gem install pg -v 'X.Y.Z' -- --with-pg-config=/path/to/pg_config

Fetch JS & ReScript dependencies

  1. Install Yarn following offical instructions.
  2. From the root of the repository, run the yarn command to install all node modules; this will also install ReScript.

Set credentials for local database

Let's make sure that PostgreSQL server is up and running using the following command:

# macOS
brew services start postgresql

# Ubuntu
sudo service postgresql start

Note for WSL users: You'll need to run the above command each time you restart Windows, and open up Ubuntu for the first time.

If you're setting up Postgres for the first time, we'll now set a password for the postgres database username.

Once PostgreSQL server is running, we'll set a password for the default database user. Open the psql CLI:

# macOS
psql -U postgres

# Ubuntu
sudo -u postgres psql

Then, in the PostgreSQL CLI, set a new password and quit.

# Set a password for this username.
\password postgres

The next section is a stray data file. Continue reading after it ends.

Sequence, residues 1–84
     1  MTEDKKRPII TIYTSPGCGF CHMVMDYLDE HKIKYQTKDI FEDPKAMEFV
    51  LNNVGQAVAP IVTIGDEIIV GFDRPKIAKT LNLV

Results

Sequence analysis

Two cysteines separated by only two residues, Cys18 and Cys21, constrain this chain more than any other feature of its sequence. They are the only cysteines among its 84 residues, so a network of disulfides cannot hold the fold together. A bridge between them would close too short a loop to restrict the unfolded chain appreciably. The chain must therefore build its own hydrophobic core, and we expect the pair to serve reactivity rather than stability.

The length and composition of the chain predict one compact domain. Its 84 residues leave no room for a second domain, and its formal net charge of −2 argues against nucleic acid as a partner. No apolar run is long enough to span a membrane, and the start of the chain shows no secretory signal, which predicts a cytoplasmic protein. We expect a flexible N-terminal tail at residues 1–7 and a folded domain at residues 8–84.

# Quit.

Configure application environment variables

  1. Copy example.env to .env.

    cp example.env .env
  2. Update the values of DB_USERNAME and DB_PASSWORD in the new .env file.

    Use the same values from the previous step. The username should be postgres, and the password will be whatever value you've set.

  3. Set up push notifications by generating and setting VAPID keys to enable push notifications:

    # In the Rails console...
    vapid_key = WebPush.generate_key

    # Save the printed string in your .env file.
    puts "VAPID_PUBLIC_KEY=#{vapid_key.public_key}\nVAPID_PRIVATE_KEY=#{vapid_key.private_key}"

    Paste the output into .env, replacing the existing lines for these two keys.

The .env file contains environment variables that are used to configure the application. The file contains documentation explaining where you should source its values from. If you're just starting out, you shouldn't have to change any variables other than the ones listed above.